Crystal Bridges expands with development of northern sections of property, with new art and pedestrian access

Fly’s Eye Dome by architect, artist and theorist Buckminster Fuller was recently purchased by Crystal Bridges and will have a permanent home on the museum’s new North Lawn. The work debuted in 1981 and then went into storage for 30 years.

Photo: Kevin Kinder

From inside the northernmost gallery space inside the Crystal Bridges Museum of American Art, director of operations Scott Eccelston would see the potential of the mostly unused green space sprawled out in front of him.

“For five years, I’ve been pressing against the glass,” he said.

So too would visitors of the museum in Bentonville. They would look to the north at the stream and the surrounding open areas, even as world-class art hung just behind them. Or they would struggle to find a way down from the elevated entrance toward the green space. There was a path, but not the most intuitive.

What: North entrance, North Forest and North Forest Trail
When: Pedestrian elevator and walkway opens May 27; North Lawn opens in July
Where: Crystal Bridges Museum of American Art, Bentonville
Cost: Free
Information: Call 479-418-5700 or visit

All of that is changing courtesy of a new entrance point, a revamped trail system, a commitment to art near that trail and usage of the green space. The new north entrance and new North Forest Trail – the latter still under construction – debuted at a media preview event on Thursday. It will open to the public in phases, with an official debut of the North Forest Trail taking place to coincide with the opening of the temporary exhibit “Chihuly: In the Forest.” The North Lawn, home to the recently purchased “Fly’s Eye Dome” by Buckminster Fuller, will open in July after landscaping, lighting and interpretation panels are installed near the work.
Museum executive director and chief diversity and inclusion officer Rod Bigelow said the new areas are a natural extension of the ever-popular museum, which has welcomed more than 3 million visitors since opening in November 2011.

“We’re thrilled to be able to look at the next evolution of Crystal Bridges,” he said.

The newly designed entrance consists of an elevator tower that climbs 67 feet and connects the North Forest Trail to the springs below via a 100-foot-long elevated bridge. It’s thought that the new bridge provides one of the few views of all the various “bridges” that span the creek and provide the museum its name.

Opening the area provides visitors access to the museum’s largest green space, and its closest point to the Razorback Greenway trail. When the North Lawn opens in July, it will allow riders a direct path. Along with the newly redesigned North Forest Trail, which replaces the former Dogwood Trail, the north side of the museum grounds will complement the trail systems and walkways that surround the museum on all other sides.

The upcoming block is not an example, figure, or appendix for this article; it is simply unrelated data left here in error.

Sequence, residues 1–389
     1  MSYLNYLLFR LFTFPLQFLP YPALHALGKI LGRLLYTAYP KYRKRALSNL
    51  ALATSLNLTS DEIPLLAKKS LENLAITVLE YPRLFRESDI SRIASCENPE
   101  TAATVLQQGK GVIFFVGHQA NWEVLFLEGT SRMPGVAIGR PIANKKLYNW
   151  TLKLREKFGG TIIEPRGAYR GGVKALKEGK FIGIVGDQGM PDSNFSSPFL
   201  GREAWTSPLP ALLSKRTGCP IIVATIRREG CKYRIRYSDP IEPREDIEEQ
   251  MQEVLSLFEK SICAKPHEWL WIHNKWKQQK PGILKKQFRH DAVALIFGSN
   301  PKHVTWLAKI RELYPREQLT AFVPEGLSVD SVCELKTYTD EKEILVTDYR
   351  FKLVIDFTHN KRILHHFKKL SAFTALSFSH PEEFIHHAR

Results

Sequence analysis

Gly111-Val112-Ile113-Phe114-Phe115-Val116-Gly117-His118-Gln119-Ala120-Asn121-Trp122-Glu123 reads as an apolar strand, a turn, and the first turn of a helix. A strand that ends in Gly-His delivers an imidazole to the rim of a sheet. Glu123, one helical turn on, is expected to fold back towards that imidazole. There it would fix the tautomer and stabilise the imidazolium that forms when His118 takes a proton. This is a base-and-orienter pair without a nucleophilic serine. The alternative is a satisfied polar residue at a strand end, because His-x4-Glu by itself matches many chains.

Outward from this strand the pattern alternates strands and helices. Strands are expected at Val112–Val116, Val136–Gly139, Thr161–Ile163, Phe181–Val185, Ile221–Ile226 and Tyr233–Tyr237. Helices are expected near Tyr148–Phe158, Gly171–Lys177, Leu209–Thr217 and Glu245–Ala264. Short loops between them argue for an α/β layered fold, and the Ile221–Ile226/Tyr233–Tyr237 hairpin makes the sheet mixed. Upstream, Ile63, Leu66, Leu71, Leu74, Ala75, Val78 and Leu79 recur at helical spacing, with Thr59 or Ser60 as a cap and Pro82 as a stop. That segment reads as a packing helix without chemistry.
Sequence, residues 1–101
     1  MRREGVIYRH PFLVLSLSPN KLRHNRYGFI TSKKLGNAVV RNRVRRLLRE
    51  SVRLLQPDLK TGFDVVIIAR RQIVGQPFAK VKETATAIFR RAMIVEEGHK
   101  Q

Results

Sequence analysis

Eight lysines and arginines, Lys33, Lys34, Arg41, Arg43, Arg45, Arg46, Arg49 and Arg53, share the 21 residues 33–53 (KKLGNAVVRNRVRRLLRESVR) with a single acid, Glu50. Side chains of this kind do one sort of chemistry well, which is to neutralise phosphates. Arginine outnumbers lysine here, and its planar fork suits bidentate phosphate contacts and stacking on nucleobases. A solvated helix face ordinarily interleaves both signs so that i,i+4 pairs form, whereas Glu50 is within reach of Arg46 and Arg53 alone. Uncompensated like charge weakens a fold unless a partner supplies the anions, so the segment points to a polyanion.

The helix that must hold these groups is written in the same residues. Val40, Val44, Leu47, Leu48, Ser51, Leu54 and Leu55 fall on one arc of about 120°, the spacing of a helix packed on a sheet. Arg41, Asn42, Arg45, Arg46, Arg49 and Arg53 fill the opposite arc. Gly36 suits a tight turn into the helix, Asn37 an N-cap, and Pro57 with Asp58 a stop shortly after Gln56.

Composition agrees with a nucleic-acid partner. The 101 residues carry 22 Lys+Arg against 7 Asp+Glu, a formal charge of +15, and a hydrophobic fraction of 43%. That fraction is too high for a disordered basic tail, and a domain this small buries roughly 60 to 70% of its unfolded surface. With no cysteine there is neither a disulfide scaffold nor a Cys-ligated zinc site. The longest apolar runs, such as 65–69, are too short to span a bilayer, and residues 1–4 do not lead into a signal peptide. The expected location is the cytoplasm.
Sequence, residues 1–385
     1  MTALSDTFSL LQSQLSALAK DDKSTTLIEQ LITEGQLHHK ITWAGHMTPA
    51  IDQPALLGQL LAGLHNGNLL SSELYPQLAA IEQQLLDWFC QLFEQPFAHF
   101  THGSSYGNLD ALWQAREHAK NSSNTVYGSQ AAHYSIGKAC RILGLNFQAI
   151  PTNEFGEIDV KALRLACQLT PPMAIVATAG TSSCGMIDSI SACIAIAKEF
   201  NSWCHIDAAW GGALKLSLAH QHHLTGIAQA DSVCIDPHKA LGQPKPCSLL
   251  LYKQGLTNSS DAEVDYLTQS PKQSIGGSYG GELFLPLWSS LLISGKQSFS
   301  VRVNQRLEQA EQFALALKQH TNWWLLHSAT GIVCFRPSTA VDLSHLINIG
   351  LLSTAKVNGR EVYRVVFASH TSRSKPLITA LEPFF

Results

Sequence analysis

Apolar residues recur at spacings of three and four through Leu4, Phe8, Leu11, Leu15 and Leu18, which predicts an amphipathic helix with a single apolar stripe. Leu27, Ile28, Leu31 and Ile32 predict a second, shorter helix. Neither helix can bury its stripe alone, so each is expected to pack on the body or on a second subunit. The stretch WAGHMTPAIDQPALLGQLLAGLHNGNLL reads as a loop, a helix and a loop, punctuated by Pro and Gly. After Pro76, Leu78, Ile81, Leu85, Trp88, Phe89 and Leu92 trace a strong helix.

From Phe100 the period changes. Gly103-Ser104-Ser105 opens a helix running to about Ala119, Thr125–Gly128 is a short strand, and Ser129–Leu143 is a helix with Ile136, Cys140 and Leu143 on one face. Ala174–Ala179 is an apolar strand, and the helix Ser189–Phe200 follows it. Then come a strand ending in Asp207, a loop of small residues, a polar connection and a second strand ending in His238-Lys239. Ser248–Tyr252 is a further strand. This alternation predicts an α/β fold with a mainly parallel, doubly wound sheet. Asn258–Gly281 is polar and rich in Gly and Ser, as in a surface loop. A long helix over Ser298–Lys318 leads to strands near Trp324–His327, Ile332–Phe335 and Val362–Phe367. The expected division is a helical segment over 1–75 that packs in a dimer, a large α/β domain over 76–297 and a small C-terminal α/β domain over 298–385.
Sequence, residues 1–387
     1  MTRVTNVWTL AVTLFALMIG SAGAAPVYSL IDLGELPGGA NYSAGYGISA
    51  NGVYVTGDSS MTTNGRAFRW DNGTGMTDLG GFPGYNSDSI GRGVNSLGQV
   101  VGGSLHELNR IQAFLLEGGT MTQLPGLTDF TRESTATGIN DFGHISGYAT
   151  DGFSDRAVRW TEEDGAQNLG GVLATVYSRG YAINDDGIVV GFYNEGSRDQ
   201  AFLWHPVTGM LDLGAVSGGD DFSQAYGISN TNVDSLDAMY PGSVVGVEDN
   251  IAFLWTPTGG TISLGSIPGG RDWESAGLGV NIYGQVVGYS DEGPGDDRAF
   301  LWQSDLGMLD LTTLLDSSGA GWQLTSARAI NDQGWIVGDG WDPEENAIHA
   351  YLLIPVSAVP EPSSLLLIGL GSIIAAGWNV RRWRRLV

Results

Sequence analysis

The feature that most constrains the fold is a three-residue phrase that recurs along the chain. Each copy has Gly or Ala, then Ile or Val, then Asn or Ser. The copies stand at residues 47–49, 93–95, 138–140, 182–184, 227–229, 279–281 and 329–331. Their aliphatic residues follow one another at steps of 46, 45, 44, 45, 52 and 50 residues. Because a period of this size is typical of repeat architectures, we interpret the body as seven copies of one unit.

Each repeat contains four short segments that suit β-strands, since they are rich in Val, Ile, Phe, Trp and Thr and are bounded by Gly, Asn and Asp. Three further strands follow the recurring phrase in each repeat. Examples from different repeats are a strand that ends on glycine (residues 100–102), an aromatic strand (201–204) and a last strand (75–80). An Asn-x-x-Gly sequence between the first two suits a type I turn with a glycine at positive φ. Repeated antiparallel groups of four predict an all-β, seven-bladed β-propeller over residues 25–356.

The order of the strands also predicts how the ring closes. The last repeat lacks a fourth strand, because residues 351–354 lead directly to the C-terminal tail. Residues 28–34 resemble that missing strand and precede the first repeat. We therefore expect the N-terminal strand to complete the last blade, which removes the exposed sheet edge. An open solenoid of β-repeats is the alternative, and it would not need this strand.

“Our whole 120 acres will come alive,” Bigelow said.

Original Crystal Bridges architect Moshe Safdie and his Boston-based firm designed the elevator, lobby and bridge. Safdie’s original blueprint for the museum contained a northern elevator tower. Museum officials decided not to pursue it for many reasons, not the least of which was because the museum wanted to get its doors open.

“We were worn out,” Eccleston said.

Some three million visitors and thousands of trail users have proved the need for this kind of expansion. The new lobby and tower area abuts pre-existing museum walls, and, like the original design, includes extensive copper plating. But where the patina of the copper on the original sections has mellowed, the elevator shines like a new penny.

“It’s a piece of the vocabulary of the building,” Eccleston said.

Work will continue to ready the area for the influx of visitors expected for the Chihuly exhibit, which will be installed both in the North Forest area and in an interior gallery inside the museum. It is the first time Chihuly, known for his elaborate glass works, has assembled an installation in a native forest, the museum said. When Chihuly’s works are removed from the North Forest in November, other artworks, perhaps statues and other elements of the museum’s permanent collection, will be considered for a home there.

The North Lawn area will also be home to educational programming, weddings, artist events and more.


Although still under construction, the new North Forest Trail is expected to be open in late March. The 1.1-mile trail is 10 feet wide and features gradually sloping switchbacks with accessibility in mind.

Courtesy of Crystal Bridges

Renowned architect Moshe Safdie and his Boston-based firm designed the new elevator tower and lobby at Crystal Bridges. Safdie designed Crystal Bridges, which opened in 2011.

Photo: Kevin Kinder

View from the new pedestrian walkway, which hovers more than 60 feet in the air and connects to an elevator capable of carrying bicycles down to the ground level. All of the “bridges” that lend their name to the museum can be viewed from the new walkway.

Photo: Kevin Kinder

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